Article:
Democracy in Exile: Hans Speier and the Rise of the Defense Intellectual
This is the final entry in the Democracy in Exile roundtable.
Roundtable on Democracy in Exile: Reply to Reviewers by Daniel Bessner
Before I turn to the substance of my response, I would like to thank Gene Zubovich for organizing this roundtable, and Anne Kornhauser, Thomas Meaney, and Jeremi Suri for their participation. I have learned an enormous amount from each of these scholars—several of whom are cited in Democracy in Exile—and it was with great pleasure that I read their thoughtful reviews. I further appreciate the questions they raised, which I hope to now answer in some detail.
In her review, Kornhauser makes several points that center on the question of what Speier really thought about democracy; that is to say, whether he was committed to it at all. As she notes, Speier turned away from substantive democracy in the 1930s, when he began to argue “that democratic political institutions ought to be insulated from public opinion and participation.” This fact, Kornhauser suggests, “raises questions about the extent of Speier’s democratic faith.” As she aptly inquires: “does this sort of thinking deserve the moniker ‘democratic’?”
To answer her question directly: no, I do not think this type of thinking could or should be described as democratic. The problem that I sought to solve was why someone like Speier, who claimed to support democratic political structures and dedicated his life to defending an (admittedly imperfect) American democracy, advocated policies and programs that he himself considered to be against the democratic spirit.
I found that the notion of crisis provided the solution to this puzzle. Furthermore, I believe “crisis” is far more essential to the history of twentieth-century U.S. national security thinking than has heretofore been recognized. It was the idea of crisis, imported from Weimar, that enabled professed democrats like Speier—and Hans Morgenthau, Henry Kissinger, Edward Shils, Gabriel Almond, Daniel Lerner, Ithiel de Sola Pool, and dozens of others—to reconcile their avowed (and often deeply-felt) commitment to democracy with an anti-democratic project. Simply put, the diagnosis of crisis, or what we intellectual historians—informed by the language of the fascist jurist Carl Schmitt—commonly refer to as the “state of exception,” allowed intellectuals like Speier to offer time-limited defenses of “‘dictatorial devices of political organization’” otherwise considered indefensible. (85)
The problem with this diagnosis, however, was that it was only workable when the identified “enemy” who was engendering the “crisis” was actually defeatable. As I write, “in the 1930s, the possibility of a decisive fascist defeat meant that Speier’s diagnosed crisis was temporary; in the Cold War, the unlikelihood of a final Soviet defeat [due to the advent of nuclear weapons, the emergence of bipolarity, etc.] made Speier’s diagnosed crisis long term.” In other words, “Speier’s moment of crisis transformed into an era of crisis, in which emergency measures became perpetually justified.” (2) The idea of crisis provided the escape hatch that enabled someone like Speier to consider himself a devoted democrat even as he affirmed that the public should have little influence on U.S. foreign policy.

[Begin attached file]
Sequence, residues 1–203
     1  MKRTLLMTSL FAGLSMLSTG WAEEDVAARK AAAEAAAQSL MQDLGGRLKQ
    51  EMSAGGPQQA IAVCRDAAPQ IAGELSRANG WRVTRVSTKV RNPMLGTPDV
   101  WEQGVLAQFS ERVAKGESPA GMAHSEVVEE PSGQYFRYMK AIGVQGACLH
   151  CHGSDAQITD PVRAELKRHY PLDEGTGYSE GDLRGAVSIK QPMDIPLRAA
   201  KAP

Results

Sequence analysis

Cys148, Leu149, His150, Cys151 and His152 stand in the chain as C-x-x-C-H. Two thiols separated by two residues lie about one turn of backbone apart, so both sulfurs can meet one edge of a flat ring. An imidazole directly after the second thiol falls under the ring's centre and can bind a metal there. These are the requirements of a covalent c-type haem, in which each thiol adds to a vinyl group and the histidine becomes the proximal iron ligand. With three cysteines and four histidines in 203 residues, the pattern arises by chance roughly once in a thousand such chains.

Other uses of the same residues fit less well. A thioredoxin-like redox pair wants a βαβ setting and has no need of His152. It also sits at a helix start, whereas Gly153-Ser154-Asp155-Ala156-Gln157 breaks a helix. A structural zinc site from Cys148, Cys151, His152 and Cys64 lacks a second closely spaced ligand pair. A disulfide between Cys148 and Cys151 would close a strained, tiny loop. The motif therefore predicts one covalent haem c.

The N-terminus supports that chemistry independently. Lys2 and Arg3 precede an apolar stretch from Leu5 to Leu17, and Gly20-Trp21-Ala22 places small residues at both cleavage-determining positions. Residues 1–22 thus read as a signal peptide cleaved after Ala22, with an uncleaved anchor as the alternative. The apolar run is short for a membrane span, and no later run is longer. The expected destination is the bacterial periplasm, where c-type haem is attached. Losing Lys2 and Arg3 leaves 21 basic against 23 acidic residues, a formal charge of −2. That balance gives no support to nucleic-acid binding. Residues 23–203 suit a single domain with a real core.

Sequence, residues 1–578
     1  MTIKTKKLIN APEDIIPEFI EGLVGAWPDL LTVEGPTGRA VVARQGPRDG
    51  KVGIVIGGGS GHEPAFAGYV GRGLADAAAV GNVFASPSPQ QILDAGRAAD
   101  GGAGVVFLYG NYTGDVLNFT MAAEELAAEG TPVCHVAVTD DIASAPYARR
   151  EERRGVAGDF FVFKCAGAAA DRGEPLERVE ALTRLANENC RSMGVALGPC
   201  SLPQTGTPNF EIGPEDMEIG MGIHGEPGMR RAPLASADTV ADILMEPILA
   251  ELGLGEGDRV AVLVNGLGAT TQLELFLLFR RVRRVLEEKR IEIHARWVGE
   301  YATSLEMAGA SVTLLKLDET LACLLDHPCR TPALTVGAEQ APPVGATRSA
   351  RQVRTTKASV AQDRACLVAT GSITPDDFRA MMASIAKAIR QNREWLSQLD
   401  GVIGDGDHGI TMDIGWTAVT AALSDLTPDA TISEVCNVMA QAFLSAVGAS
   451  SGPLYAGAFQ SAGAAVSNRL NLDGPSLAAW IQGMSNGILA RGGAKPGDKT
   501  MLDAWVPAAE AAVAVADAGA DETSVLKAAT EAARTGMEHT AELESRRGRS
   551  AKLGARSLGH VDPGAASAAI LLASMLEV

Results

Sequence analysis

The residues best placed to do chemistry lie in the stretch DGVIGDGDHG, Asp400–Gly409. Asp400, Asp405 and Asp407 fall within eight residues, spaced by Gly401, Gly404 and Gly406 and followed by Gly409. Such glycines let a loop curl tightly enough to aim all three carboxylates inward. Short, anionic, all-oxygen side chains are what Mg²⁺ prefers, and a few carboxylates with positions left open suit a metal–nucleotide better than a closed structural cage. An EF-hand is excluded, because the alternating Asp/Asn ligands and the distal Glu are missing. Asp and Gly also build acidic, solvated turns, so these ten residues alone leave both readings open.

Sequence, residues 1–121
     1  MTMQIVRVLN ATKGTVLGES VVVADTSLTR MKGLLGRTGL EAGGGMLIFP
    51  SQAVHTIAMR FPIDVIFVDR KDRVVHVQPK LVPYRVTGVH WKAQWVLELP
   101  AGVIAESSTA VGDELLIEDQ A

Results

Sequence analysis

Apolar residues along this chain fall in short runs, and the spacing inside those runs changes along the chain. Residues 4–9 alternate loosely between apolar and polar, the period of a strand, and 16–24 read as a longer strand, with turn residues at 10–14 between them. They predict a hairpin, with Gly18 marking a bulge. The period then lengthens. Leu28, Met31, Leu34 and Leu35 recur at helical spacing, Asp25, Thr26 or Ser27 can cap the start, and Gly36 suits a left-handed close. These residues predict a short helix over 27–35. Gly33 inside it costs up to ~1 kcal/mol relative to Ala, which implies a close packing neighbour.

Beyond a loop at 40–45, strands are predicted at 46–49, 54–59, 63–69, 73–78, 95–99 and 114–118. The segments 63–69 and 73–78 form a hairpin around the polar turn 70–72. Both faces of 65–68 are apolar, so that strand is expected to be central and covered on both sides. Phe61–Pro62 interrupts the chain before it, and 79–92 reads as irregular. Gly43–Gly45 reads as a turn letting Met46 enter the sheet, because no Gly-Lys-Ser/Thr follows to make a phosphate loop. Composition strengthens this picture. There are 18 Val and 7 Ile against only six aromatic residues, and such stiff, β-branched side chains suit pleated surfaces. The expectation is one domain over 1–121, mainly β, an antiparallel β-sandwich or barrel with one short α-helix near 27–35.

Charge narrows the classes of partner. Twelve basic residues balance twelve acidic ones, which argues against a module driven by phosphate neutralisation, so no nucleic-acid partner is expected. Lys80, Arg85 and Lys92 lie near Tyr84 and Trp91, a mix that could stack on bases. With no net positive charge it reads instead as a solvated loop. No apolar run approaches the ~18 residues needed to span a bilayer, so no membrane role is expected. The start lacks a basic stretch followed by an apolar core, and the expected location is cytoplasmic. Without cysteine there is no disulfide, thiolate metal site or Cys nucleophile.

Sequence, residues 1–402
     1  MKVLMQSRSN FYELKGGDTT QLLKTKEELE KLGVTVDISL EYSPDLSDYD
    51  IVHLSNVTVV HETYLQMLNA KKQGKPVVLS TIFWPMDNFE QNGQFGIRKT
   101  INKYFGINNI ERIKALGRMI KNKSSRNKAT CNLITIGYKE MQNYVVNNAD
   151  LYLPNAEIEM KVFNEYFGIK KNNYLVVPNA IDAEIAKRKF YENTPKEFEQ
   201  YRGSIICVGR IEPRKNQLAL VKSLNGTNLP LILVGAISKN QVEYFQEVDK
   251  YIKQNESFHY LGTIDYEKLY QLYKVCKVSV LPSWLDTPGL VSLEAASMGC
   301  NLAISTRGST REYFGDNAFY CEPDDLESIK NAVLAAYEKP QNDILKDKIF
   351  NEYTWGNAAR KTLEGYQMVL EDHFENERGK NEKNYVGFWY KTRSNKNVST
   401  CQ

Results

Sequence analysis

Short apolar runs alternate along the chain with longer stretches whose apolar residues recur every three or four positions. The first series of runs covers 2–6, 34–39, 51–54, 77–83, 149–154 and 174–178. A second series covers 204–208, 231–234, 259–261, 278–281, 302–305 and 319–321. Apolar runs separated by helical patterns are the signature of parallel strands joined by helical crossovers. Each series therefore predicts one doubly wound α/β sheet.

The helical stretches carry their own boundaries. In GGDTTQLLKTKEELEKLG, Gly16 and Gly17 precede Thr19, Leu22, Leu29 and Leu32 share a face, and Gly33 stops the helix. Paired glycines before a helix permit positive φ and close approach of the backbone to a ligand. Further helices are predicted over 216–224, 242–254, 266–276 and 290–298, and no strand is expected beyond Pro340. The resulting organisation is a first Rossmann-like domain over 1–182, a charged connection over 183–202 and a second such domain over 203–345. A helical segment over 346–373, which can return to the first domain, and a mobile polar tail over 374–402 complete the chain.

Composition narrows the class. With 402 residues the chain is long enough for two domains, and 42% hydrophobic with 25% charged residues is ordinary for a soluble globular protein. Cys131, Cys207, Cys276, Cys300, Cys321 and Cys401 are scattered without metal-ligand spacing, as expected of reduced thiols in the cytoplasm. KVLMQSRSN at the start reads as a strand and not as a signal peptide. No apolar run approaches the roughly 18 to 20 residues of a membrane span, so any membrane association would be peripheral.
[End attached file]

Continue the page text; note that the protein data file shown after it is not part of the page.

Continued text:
Indeed, the conviction that crisis justifies anti-democratic behavior has become common amongst the U.S. national security elite. As former director of the National Security Agency (NSA) Keith B. Alexander stated in 2013 when defending mass surveillance: “We’re holding this hornet’s nest [of surveillance technologies] … and we would like to cast it aside, but if we do it is our fear that there will be a gap and the potential for another 9/11.” Alexander here recognizes that surveillance technologies are dangerous and anti-democratic—hence the term “hornet’s nest”—but asserts that they must be used to prevent a crisis—“another 9/11.” Similar to Speier, Alexander invokes crisis to excuse behavior that exists outside the boundaries of traditional democratic norms.
The idea of crisis also helps answer another of Kornhauser’s questions, namely, what, exactly, did Speier think should constitute a workable democratic system? In effect, we do not really know, because the diagnosis of crisis allowed Speier to avoid systematically thinking through what exactly he meant by “democracy.” After Hitler, democracy became for Speier—and, I would add, for many in his generation, including Morgenthau and Kissinger—“the vague, negative image of authoritarianism, a concept largely shorn of substantive content.” (17) Speier’s proceduralist understanding of democracy was undertheorized because for him the central question of the age was not how to develop a workable democracy, but was how to ensure that “totalitarians” did not conquer the world. For this reason, he did not provide answers to the several questions with which Kornhauser ends her review. Speier’s silence on these issues, though admittedly frustrating for intellectual historians, reveals that the idea of crisis enabled some midcentury thinkers to ignore difficult questions about what exactly they were defending as they helped the United States construct its domestic and global imperium.